Pro Arte Mastertouch Brushes

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Pro Arte Mastertouch Brushes

Pro Arte offers a fantastic range of brushes in a variety of sizes and types for all your favourite media. Wendy Jelbert puts its Mastertouch brushes through their paces.

'Pro Arte’s Mastertouch, with its sets of filbert, flat and Round heads, maintains the high standard demanded by today’s painters, and manages to keep the prices extremely reasonable,' says Wendy Jelbert.

'The range comprises two types of brushes: Aquamarine for water-soluble media, and Reflex for oil and acrylics. Each variety comes in a wide range of sizes.

'Most painters settle on a favourite shape and stick to it, but these sets offer you an affordable opportunity to try other shapes, encouraging you into different ways of applying your paint and adding something new to your work.

'I definitely like the choice of sizes in each variety. After experimenting with the sets, I can say with confidence that Mastertouch is up to the job and excellent value for money.'


The Aquamarine features a deep turquoise handle and sandy-coloured synthetic soft bristles with a dark brown tip. The brushes are responsive and hold a good store of water. The three main shapes in a selection of sizes (filbert and flat have five sizes; Rounds have seven) are ideal for washes in watercolour, ink, gouache and acrylic (when used in the watercolour style), and form ideal points for detailed work. There’s something for everyone here. All the brushes performed well, and the paint flowed in a fluid and controlled way. I experimented with each, trying sideways strokes, twisting and turning the brushes to form thick and thin lines, and tried the splattered method (see above). Some more expensive brushes don’t work as well!

Flowered Landscape, watercolour, (26.5x34.5)
Flowered Landscape (above) encompasses a wide range of brush-marks that were formed by all three varieties of Aquamarine brushes.
I used both No. 8 flat and filbert to paint the background on a wetted surface then filled in the soft foreground with wide loose washes and the Round No. 12. All brushes were used with flowing motions then on their sides to form smaller and more detailed lines.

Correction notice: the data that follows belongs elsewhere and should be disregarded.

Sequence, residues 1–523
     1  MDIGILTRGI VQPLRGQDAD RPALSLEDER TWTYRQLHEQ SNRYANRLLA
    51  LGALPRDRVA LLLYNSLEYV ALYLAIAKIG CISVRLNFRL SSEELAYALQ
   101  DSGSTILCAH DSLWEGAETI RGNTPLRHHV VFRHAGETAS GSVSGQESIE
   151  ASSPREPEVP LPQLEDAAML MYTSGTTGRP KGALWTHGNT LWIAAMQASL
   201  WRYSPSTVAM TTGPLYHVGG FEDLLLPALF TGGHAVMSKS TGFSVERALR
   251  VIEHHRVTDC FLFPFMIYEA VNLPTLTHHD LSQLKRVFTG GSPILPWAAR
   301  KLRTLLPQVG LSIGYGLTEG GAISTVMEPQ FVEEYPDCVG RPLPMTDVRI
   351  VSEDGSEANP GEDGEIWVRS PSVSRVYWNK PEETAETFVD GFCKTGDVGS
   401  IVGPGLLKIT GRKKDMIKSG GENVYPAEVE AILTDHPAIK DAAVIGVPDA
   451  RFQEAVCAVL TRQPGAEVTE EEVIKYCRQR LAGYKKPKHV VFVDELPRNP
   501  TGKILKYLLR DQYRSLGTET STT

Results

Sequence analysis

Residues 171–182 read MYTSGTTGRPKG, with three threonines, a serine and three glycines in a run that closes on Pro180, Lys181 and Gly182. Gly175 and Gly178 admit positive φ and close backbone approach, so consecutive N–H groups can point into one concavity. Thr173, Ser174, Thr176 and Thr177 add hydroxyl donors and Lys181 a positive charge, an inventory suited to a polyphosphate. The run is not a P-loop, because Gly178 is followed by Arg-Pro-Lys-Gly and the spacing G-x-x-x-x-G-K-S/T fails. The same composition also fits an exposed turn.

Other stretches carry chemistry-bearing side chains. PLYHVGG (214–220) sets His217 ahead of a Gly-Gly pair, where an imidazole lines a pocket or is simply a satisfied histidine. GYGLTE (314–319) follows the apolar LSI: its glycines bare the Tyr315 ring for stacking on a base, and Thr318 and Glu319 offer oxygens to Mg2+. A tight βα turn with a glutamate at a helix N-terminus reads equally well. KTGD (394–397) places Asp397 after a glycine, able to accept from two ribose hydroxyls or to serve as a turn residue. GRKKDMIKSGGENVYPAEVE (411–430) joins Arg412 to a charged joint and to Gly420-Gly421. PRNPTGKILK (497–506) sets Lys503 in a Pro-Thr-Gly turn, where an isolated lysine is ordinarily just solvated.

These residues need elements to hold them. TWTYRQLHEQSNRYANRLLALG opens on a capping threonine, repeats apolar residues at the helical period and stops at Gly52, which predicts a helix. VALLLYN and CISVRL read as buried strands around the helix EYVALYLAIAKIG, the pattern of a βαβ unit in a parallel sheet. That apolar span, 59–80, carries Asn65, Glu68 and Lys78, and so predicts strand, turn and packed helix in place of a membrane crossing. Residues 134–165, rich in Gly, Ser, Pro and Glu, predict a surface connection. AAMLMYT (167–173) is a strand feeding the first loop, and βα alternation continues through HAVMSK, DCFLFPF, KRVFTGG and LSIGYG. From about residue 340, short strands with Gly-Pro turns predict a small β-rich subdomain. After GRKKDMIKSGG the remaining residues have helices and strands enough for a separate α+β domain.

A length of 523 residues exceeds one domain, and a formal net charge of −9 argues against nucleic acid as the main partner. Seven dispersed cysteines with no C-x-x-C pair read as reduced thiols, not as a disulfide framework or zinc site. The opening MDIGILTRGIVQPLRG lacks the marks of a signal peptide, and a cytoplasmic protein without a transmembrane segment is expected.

The flowers were added with a collection of the smaller-sized flats and Rounds, Nos. 0 and 2, for the initial flower shapes then sharpened up with the brush tips and sides to form the spikey leaves and flower textures. Using so many brushes resulted in an interesting and varied painting.


Reflex brushes, with their longer turquoise handles and the same three shapes, are harder, more robust and made from a stronger Taklon off-white fibre, the colour of natural bristle.

They are synthetic and bouncy to take the weight of a heavier oil or thick acrylic paint. There are choices to suit most requirements: the filberts and flats have six sizes per set and the Rounds have seven.

Again, I was pleasantly surprised at the way each type kept its shape, held the paint and performed the many swirls, twists and turns I took them through, resulting in their individual characteristic markings.

They stained slightly, but this is to be expected when using strong colours (even expensive brushes do this). A good scrub using washing-up liquid freed most of the colour residue.

Farmhouse Garden Path, acrylic, (28x38cm)

To paint Farmhouse Garden Path (above) I used all three types of brushes, which helped give an exciting textural surface to the whole scene.

Flats were excellent for the stabbing and broken edges and spikey foliage, the roof tiles and edging to the windows and door details.

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Rounds worked well for blocking in the middle ground, the garden plant shapes and path textures, including the splattering effect.

Filberts were ideal for the curved and circular movements needed on the softer edges for the remaining foliage and flowers. I love using thick, delicious acrylics that build up with each brushstroke!

Snowfall, acrylic, (30x25.5cm)

To paint Snowfall (above), I covered the canvas with a contrasting under-colour.

Here I started with ochre, and tried out the set of Round brushes, leaving touches of the original colour glimpsing through. This highlights the brushwork well, and shows up with No. 14 for the smoother rendering of the sky and first strokes of the foreground.

The No. 10 was used for the thicker tree trunk, parts of the building and middle distance trees.

Thicker paint, applied with Nos. 4 and 2, was used for the branches, figure and fence.

Finally, the foreground was treated with a layer of thick freer strokes from the No. 10 to give a feeling of the spongy blanket of snow.




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